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incalculable number of texts as a technique which records an image on photosensitive material, the division between photography, digital photography, and post-photography is often handled with far less precision. Since the variants are diverse: images are recorded digitally, photographs are intruded upon at a later stage and without a trace; digital recordings are assembled into a new image – and finally we have those images generated solely on the computer and possessing only the suggestion of photography. In this nuance-laden field of dispositive technical elements, three types of images can be sketched out: ‹analog photography,› ‹digital photography,› and ‹post-photography›. Often enough the terms ‹digital› and ‹post-› photography› are used synonymously, even though each describes a different process. [4] Like with analog photography, the digital variant also relies on the idea of light passing through a lens. But, unlike in analog procedures, the digital apparatus no longer inscribes the light on photosensitive material; instead, it stores it as a series of electronic impulses on a chip: so developing film in a darkroom becomes superfluous. This type of production really does allow itself to be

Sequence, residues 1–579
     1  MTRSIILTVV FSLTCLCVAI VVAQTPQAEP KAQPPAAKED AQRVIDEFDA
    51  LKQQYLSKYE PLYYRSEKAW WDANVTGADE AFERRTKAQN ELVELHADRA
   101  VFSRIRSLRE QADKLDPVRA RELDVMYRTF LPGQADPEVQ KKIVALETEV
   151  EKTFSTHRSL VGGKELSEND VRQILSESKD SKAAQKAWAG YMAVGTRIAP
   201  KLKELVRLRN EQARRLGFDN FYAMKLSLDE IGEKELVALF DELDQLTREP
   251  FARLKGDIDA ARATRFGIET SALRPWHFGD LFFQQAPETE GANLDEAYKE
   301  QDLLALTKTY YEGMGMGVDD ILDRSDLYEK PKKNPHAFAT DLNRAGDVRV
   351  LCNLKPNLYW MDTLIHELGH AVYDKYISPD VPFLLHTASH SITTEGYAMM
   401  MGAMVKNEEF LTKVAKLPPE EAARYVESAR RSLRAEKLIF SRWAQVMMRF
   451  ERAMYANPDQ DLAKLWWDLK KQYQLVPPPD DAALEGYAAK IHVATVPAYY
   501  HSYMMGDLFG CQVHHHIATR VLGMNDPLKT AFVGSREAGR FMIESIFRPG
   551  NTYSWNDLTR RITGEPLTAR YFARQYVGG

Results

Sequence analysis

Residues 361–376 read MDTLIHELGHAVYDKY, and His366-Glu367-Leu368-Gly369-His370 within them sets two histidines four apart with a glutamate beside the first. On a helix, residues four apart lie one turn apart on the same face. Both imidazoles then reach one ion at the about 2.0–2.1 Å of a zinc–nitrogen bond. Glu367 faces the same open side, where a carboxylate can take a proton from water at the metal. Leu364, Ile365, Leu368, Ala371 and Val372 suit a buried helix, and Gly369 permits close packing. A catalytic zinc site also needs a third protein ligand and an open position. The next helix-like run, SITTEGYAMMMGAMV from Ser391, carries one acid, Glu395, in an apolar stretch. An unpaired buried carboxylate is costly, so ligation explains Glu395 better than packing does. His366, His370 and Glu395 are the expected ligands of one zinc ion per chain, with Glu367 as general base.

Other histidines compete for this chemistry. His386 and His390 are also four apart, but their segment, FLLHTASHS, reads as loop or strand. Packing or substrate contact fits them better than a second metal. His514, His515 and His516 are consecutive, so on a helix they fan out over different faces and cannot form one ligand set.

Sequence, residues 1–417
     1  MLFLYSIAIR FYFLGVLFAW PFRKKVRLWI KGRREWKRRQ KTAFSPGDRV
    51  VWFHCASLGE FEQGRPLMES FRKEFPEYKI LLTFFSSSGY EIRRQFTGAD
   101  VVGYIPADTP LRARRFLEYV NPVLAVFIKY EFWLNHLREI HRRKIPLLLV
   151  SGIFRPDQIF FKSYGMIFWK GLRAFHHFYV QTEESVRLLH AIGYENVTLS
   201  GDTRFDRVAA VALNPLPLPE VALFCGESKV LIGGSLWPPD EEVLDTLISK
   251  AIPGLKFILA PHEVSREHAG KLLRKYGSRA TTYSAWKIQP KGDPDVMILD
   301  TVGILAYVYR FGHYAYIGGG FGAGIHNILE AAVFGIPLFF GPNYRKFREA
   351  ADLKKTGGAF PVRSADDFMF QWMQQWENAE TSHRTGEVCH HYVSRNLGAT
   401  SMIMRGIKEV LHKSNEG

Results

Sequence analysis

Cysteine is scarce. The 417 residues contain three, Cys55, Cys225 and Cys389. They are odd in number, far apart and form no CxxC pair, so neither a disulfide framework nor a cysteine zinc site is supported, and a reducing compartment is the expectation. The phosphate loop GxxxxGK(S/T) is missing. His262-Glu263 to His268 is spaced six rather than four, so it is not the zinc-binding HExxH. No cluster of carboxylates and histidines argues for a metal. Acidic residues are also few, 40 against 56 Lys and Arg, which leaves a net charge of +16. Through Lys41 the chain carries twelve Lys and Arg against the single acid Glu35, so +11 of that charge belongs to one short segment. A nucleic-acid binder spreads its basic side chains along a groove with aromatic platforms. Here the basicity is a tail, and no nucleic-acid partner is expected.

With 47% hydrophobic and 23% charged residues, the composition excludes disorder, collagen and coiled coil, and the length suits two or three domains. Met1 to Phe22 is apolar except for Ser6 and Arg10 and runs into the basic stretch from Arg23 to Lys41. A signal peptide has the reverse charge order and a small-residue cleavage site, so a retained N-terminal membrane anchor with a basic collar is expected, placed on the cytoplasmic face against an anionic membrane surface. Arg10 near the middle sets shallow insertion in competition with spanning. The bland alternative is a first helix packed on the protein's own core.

called ‹digital photography› since, although the chemical light-inscribing process is replaced by an electronic one, the digital procedure nevertheless remains based on the inscribing of light. From the start, photography produced in this manner finds itself in a state requiring no direct material carriers (ignoring the computer’s hardware for a moment) and is easily manipulated electronically.

The description ‹post-photography› harbors in itself two decisive aspects for evaluating the medium: the reference to photography on the one hand, and its technical replacement by ways of digitally designing visual information on the other. [5] Its actual service begins either after the digitalization of whatever well-disposed image material it uses, or manages perfectly well without such reference material. While conventional photography techniques could never do without the object in front of the camera, the photographic depiction in the digital image-production process serves at best as what supplies the start-material. In this sense it would be better to call post-photographic work an image rhetoric, which, in the most extreme case, can design such images using

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